United States District Court, D. Maryland
CURTIS E. WILLIAMS, #275-455 Plaintiff
TIMOTHY CHESNAVAGE DR. KAHLID ELBEDAWI Defendants
K. Bredar United States District Judge
Curtis E. Williams, presently confined at the Maryland
Reception Diagnostic Classification Center
(“MRDCC”), filed a civil rights action pursuant
to 42 U.S.C. § 1983, seeking money damages against a
Baltimore County Detention Center (“BCDC”)
corrections officer, Timothy Chesnavage, alleging use of
excessive force during an incident on December 10, 2015. (ECF
1 at p. 3.) Williams further claimed that after
receiving treatment for injury suffered during the incident,
Dr. Kahlid Elbedawi, a BCDC physician, did not provide
necessary pain medication. (Id. at p. 4.)
October 28, 2016, Williams was granted 21 days to complete a
United States Marshal service of process form to assist the
Clerk in obtaining service of process on Dr. Elbedawi. (ECF
16.) Williams did not comply; accordingly, Dr. Elbedawai is
dismissed without prejudice from this action.
Chesnavage filed a motion to dismiss or, in the alternative,
for summary judgment (ECF 8) that was dismissed without
prejudice, subject to renewal, upon submission of an
affidavit. Chesnavage has complied. (ECF 14.) Although
Williams was informed on two occasions pursuant to the
dictates of Roseboro v. Garrison, 528 F.2d 309 (4th
Cir. 1975), that he was entitled to file written opposition
to the motion or risk dismissal of his case without further
notice (ECF 12 and 15), Williams has failed to respond to the
reviewing the complaint in light of a motion to dismiss
pursuant to Federal Rule of Civil Procedure 12(b)(6), the
court accepts all well-pleaded allegations of the complaint
as true and construes the facts and reasonable inferences
derived therefrom in the light most favorable to the
plaintiff. Venkatraman v. REI Sys., Inc., 417 F.3d
418, 420 (4th Cir. 2005) (citing Mylan Labs., Inc. v.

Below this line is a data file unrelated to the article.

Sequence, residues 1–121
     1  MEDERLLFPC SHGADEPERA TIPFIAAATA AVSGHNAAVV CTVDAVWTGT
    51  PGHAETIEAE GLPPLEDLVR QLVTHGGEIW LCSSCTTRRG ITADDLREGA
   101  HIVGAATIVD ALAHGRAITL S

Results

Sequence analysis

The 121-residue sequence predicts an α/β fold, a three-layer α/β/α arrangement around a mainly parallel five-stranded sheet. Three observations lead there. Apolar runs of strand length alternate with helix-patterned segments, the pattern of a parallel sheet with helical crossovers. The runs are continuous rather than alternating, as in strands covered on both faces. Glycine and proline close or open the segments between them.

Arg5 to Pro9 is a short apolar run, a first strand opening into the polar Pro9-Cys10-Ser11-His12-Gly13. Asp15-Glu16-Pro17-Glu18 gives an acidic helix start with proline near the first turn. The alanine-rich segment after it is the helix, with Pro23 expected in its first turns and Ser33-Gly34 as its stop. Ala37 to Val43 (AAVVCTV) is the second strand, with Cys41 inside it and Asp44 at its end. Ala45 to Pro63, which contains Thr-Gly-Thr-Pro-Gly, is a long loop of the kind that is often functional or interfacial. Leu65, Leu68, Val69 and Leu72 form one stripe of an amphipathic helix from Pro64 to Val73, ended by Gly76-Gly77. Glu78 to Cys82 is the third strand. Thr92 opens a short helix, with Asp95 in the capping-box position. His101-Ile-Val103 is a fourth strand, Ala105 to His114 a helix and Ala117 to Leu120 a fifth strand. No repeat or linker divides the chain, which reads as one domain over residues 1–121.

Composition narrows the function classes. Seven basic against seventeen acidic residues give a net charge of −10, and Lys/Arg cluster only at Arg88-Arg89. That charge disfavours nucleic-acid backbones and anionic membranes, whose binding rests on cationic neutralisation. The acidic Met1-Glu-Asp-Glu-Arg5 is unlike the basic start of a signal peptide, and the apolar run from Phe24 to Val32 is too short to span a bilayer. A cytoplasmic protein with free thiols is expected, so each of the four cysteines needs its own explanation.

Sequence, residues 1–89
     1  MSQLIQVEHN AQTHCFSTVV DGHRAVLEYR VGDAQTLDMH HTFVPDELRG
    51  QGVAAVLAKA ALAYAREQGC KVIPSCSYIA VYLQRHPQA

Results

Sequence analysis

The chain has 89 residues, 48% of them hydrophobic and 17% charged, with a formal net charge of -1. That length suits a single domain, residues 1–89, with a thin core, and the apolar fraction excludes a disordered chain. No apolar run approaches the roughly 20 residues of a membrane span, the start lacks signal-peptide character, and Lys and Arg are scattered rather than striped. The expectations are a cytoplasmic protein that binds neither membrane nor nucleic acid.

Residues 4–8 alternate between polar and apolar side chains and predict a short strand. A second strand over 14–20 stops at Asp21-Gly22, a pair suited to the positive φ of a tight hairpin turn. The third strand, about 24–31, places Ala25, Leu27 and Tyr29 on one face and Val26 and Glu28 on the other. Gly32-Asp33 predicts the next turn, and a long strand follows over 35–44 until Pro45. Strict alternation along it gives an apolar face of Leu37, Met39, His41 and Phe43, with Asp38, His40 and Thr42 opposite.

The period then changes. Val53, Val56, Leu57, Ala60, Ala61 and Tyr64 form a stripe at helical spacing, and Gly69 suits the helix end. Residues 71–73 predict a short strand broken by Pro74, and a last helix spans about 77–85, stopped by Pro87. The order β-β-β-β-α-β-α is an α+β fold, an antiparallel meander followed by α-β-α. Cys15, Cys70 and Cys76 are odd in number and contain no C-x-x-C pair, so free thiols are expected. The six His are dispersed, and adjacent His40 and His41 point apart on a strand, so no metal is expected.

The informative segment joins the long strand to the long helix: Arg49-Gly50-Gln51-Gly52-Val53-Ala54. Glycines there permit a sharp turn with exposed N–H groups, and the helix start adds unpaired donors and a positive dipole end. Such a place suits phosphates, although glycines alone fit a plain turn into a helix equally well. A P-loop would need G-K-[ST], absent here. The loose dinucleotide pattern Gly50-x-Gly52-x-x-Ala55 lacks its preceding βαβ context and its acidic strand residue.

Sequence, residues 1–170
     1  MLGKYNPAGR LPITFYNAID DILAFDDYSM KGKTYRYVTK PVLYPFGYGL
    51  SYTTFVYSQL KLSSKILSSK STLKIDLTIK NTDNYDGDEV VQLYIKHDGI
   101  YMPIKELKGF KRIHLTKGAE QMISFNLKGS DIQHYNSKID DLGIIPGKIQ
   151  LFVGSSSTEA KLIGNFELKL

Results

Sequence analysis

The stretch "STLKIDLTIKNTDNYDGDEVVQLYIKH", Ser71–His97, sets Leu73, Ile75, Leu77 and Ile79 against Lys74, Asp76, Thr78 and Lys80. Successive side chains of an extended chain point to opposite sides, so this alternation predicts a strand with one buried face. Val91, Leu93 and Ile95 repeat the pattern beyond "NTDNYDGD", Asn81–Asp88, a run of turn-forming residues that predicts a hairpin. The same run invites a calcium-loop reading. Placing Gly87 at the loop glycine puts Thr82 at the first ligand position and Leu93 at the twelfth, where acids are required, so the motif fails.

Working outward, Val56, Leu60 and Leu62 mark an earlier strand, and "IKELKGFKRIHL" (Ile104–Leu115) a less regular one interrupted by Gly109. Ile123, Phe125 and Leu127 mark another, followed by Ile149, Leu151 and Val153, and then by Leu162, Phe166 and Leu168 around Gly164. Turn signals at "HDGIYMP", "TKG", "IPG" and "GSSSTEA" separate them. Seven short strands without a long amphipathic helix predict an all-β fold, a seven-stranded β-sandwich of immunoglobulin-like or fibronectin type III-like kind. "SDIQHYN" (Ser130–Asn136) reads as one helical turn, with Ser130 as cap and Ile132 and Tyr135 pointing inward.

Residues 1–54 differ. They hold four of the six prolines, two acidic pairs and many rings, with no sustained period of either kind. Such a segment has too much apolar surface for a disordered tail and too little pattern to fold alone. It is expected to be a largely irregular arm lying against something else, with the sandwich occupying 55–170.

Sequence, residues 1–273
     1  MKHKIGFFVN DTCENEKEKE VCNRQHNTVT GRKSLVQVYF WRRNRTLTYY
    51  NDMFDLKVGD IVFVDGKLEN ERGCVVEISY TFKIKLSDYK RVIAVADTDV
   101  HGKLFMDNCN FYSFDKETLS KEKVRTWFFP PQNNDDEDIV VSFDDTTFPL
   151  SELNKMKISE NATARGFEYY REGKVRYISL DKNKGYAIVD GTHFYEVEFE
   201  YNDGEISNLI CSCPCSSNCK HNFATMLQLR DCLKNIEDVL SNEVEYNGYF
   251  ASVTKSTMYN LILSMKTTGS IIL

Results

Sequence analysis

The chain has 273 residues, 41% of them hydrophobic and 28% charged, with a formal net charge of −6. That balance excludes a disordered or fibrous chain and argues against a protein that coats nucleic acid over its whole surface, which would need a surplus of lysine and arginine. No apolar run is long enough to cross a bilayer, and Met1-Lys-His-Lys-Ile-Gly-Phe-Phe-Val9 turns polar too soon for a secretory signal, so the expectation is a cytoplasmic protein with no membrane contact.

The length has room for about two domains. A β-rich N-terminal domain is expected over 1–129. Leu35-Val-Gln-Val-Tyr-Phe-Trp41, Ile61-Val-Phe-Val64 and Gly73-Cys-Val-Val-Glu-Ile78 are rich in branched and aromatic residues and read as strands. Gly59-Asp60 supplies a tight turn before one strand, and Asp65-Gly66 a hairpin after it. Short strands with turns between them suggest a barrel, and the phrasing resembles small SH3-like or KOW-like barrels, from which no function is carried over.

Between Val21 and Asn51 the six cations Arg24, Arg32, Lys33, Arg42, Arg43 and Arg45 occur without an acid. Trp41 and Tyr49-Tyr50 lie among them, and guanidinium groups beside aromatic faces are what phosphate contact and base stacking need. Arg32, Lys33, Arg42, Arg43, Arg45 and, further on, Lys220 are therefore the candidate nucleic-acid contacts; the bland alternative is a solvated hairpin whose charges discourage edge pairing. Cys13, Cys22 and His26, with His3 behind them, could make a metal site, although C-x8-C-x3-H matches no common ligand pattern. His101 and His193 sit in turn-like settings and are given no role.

Matkari, 7 F.3d 1130, 1134 (4th Cir. 1993)); Ibarra
v. United States, 120 F.3d 472, 473 (4th Cir. 1997).
Rule 8(a)(2) of the Federal Rules of Civil Procedure requires
only a “short and plain statement of the claim showing
that the pleader is entitled to relief.” Migdal v.
Rowe Price-Fleming Int'l Inc., 248 F.3d 321, 325-26
(4th Cir. 2001); see also Swierkiewicz v. Sorema
N.A., 534 U.S. 506, 513 (2002) (stating that a complaint
need only satisfy the “simplified pleading
standard” of Rule 8(a)).
Supreme Court of the United States has explained a
“plaintiff's obligation to provide the
'grounds' of his 'entitle[ment] to relief'
requires more than labels and conclusions, and a formulaic
recitation of the elements of a cause of action will not
do.” Bell Atl. Corp. v. Twombly, 550 U.S. 544,
555 (2007) (alteration in original). Nonetheless, the
complaint does not need “detailed factual
allegations” to survive a motion to dismiss.
Id. at 555. Instead, “once a claim has been
stated adequately, it may be supported by showing any set of
facts consistent with the allegations in the
complaint.” Id. at 563. To survive a motion to
dismiss, “a complaint must contain sufficient factual
matter, accepted as true, to 'state a claim to relief
that is plausible on its face.'” Ashcroft v.
Iqbal, 556 U.S. 662, 677-78 (2009) (quoting
Twombly, 550 U.S. at 570). “A claim has facial
plausibility when the plaintiff pleads factual content that
allows the court to draw the reasonable inference that the
defendant is liable for the misconduct alleged.”
Iqbal, 556 U.S. at 678. âBut where the well-pleaded
facts do not permit the court to infer more than the mere
possibility of misconduct, the complaint has alleged -- but
it has not 'show[n]' -- 'that the pleader is
entitled to relief.'” Id. at 679 (quoting
judgment is governed by Rule 56(a), which provides:
The court shall grant summary judgment if the movant shows
that there is no genuine dispute as to any material fact and
the movant is entitled to judgment as a matter of law.
Supreme Court has clarified that this does not mean that any
factual dispute will defeat the motion:
By its very terms, this standard provides that the mere
existence of some alleged factual dispute between
the parties will not defeat an otherwise properly supported
motion for summary judgment; the requirement is ...